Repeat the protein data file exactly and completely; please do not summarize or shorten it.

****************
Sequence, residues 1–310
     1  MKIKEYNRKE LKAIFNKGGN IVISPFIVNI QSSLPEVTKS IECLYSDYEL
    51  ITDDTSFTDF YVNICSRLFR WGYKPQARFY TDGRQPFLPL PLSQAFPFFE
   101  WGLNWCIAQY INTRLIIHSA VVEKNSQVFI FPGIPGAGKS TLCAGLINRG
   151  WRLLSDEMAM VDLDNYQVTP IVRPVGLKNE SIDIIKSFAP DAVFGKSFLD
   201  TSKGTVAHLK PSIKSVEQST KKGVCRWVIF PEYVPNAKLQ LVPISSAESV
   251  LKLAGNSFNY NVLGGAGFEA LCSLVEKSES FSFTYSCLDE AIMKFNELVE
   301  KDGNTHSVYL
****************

Sequence, residues 1–310
     1  MKIKEYNRKE LKAIFNKGGN IVISPFIVNI QSSLPEVTKS IECLYSDYEL
    51  ITDDTSFTDF YVNICSRLFR WGYKPQARFY TDGRQPFLPL PLSQAFPFFE
   101  WGLNWCIAQY INTRLIIHSA VVEKNSQVFI FPGIPGAGKS TLCAGLINRG
   151  WRLLSDEMAM VDLDNYQVTP IVRPVGLKNE SIDIIKSFAP DAVFGKSFLD
   201  TSKGTVAHLK PSIKSVEQST KKGVCRWVIF PEYVPNAKLQ LVPISSAESV
   251  LKLAGNSFNY NVLGGAGFEA LCSLVEKSES FSFTYSCLDE AIMKFNELVE
   301  KDGNTHSVYL